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The Student News Site of University of Chicago Laboratory High School

U-High Midway

The Student News Site of University of Chicago Laboratory High School

U-High Midway

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Audio: Student connects with family through learning and speaking Bulgarian

Since+he+was+2%2C+Ian+Benert+has+been+learning+Bulgarian+to+speak+to+his+family.+While+his+parents+both+speak+English%2C+he+speaks+Bulgarian+with+his+mother+and+grandmother.+Speaking+his+ethnic+language+has+helped+Ian+strengthen+his+bond+with+his+family+and+his+culture.%0A
Photo provided by Ian Benert
Since he was 2, Ian Benert has been learning Bulgarian to speak to his family. While his parents both speak English, he speaks Bulgarian with his mother and grandmother. Speaking his ethnic language has helped Ian strengthen his bond with his family and his culture.

Since he was 2, Ian Benert has been learning Bulgarian to speak to his family. While his parents both speak English, he speaks Bulgarian with his mother and grandmother. Speaking his ethnic language has helped Ian strengthen his bond with his family and his culture.

Ian lives with his parents and his grandmother, Zlatka Ilieva. Since she speaks very little English, she values that Ian can speak Bulgarian.

Clip: Zlatka explaining how Ian can be with both sides of the family – Ian: “Her side of the family is all Bulgarians, and my dad’s side of the family is…can only speak English” 

Ian has mainly learned Bulgarian by listening and speaking to his family. He’s also used alphabet books and children’s books to learn the fundamentals of the language.

Ian: “I mean, I’ve been learning ever since I was born. I’ve been listening to my mom and my grandma speak together” “At first, I could only say a few words that I picked up from listening, and then eventually my mom decided to really sit me down and teach me.”

Ian’s father, who speaks German and English, has also been learning Bulgarian, but he can only speak a little bit. It’s often Ian’s job to translate between his grandma and his dad.

Ian: “If my mom’s not at home, then yeah, that sort of falls onto me to be able to translate between them a tiny bit.”

However, a mixture of English and Bulgarian can make speaking at home more difficult for Ian. His grandmother has noticed this too.

Ian: “Most of the time if I’ve been speaking English all day and then I try and talk to her, it’s harder than if I’ve been speaking to her all day, maybe on the weekend, and in the evening it’s easier then.” “It’s harder to switch over.”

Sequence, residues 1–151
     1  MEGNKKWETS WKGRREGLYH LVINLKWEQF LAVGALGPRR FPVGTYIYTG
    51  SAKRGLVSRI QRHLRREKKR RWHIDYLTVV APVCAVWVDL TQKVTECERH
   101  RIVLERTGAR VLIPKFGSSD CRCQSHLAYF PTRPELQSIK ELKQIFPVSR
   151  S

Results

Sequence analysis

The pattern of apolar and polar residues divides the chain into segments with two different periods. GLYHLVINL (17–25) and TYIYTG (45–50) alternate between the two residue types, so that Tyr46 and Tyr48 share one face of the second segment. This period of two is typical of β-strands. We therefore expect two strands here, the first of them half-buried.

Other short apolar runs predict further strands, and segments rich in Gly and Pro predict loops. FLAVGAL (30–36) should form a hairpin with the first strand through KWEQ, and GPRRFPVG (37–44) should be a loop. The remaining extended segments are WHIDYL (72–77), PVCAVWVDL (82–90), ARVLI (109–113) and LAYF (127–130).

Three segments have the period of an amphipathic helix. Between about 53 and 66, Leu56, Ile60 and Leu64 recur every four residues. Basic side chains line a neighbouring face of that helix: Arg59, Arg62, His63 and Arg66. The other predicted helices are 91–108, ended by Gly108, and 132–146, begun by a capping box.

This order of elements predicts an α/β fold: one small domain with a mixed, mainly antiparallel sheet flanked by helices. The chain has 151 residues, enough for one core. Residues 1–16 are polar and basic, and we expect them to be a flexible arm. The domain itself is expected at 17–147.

Outside of his family, Ian rarely gets to speak Bulgarian. However, he remembers visiting his mom’s family in Bulgaria. 

Ian: “Me and my family would travel about every other year before the pandemic to Bulgaria, and there I could hear not just from my mom and my grandma, but from everyone who’s there, could read all the signs on the store, and things like that”

Many larger Bulgarian American communities are in the Chicago suburbs. Nonetheless, Ian’s family values the relationships they’ve made with Bulgarian speakers in the city.

Ian: “that community isn’t really just there, it’s sort of been formed for me by my mom’s family and friends, and friends of family, and things like that.”

However, the most important thing for Ian’s family is that everyone can communicate with him, in either English or Bulgarian.

Ian: “when we’re together, I can understand both and I can be with both sides of the family…” “that just makes it feel more family-like, I guess.”

I’m David Li reporting for the U-High Midway.

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About the Contributor
David Li
David Li, Reporter
David Li is a member of the Class of 2027 and serves as a reporter. His favorite part of journalism is meeting and working with new people. Outside of journalism, David enjoys playing tennis, traveling, and spending time with friends and family.

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